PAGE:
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Family business gets a facelift

A few shops down from Tallgrass Antiques, Sam and Josh Lilley own Salty Cow Mercantile, 322 Broadway Street. The business was previously known as Jim Bell & Sons, an 80-year-old business that specialized in western wear for the local cowboy and ranching community.

Sam grew up in Pennsylvania. She came to Kansas for school, and after she married Josh, they ended up in Cottonwood Falls. She said Jim Bell & Sons was up for sale, and that is why they moved to town.

The name became Salty Cow Mercantile, and an updated facade outside the store — a turquoise awning with the store’s logo on it — welcomes customers.

“Our mission is to have good quality products that are affordable,” Sam said. “It’s what people locally want to have.”

Sam aims to stock the store with things local ranchers want and need. She said her store carries rope and tack, items no other area store carries. She also stocks boots, jeans, western apparel and kids’ clothing.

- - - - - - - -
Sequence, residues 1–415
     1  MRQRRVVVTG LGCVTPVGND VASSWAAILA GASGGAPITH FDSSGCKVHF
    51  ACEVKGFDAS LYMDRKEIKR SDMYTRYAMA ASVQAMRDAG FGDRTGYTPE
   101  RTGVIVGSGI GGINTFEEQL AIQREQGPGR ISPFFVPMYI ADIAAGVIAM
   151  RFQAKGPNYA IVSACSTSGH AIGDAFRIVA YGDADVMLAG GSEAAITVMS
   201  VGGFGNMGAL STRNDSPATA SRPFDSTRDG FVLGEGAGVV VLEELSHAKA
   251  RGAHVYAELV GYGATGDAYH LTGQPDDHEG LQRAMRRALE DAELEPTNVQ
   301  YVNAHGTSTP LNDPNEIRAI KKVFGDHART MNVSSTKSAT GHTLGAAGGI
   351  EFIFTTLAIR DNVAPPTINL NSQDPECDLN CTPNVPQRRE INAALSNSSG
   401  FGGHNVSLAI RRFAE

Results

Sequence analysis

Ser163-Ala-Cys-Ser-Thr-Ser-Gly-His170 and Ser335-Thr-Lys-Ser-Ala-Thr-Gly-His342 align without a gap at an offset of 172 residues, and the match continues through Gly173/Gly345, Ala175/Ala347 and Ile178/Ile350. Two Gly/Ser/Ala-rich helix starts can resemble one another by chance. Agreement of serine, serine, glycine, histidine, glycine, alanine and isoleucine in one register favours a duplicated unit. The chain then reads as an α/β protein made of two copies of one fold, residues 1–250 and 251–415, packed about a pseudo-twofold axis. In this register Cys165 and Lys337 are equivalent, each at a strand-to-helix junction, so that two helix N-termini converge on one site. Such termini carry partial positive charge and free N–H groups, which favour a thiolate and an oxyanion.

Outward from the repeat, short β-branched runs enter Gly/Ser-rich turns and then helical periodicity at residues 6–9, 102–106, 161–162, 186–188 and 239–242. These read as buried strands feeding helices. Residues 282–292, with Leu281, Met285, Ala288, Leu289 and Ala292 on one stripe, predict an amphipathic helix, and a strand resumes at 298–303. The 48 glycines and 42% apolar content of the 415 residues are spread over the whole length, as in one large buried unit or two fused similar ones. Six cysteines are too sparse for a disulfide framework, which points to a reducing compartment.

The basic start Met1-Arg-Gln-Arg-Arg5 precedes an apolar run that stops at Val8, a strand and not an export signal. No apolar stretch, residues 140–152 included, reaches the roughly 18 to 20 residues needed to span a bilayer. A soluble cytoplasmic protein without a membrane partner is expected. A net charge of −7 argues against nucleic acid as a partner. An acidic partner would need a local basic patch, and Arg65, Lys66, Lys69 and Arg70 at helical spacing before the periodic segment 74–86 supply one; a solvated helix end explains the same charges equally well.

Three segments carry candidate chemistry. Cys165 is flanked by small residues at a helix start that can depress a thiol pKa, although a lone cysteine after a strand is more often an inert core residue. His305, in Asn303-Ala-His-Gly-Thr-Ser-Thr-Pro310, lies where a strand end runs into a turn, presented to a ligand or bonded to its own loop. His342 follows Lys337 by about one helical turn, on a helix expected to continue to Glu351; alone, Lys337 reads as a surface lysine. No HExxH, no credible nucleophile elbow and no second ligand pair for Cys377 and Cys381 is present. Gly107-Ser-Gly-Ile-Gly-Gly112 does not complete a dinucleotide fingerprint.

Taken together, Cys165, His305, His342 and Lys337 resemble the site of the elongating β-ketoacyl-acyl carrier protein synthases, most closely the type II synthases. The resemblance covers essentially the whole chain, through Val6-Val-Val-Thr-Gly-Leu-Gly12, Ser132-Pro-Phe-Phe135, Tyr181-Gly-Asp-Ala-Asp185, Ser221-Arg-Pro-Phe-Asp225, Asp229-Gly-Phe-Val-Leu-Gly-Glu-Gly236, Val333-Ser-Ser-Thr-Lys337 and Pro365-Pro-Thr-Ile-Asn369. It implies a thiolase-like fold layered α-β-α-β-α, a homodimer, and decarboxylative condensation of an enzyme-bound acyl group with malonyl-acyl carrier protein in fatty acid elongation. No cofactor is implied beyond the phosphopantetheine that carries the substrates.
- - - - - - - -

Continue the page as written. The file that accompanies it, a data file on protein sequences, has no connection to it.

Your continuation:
“All of our tack is handmade,” Sam said. “Some of it comes from Kansas. There’s a kid in Wichita and one in Augusta who make it. It’s just nice to have handmade stuff for people who appreciate that stuff.”
Sam is trying to figure out what her best-selling items will be.

“Every season there’s always new fashions and new merchandise,” Sam said.

While Sam and Josh continue to grow their business, they relish in the small town lifestyle and events that bring visitors to the area.

“The best part [about being in business] is just the community,” Sam said. “It’s just a friendly, little town.”

Flint Hills Media Project faculty member Amy DeVault pets a dog outside of Salty Cow Mercantile, Thursday, June 11. The dog, owned by Salty Cow Mercantile owner Sam Lilley, lounged in the summer sun outside of the store on Thursday, June 11. Photo by Sean Jones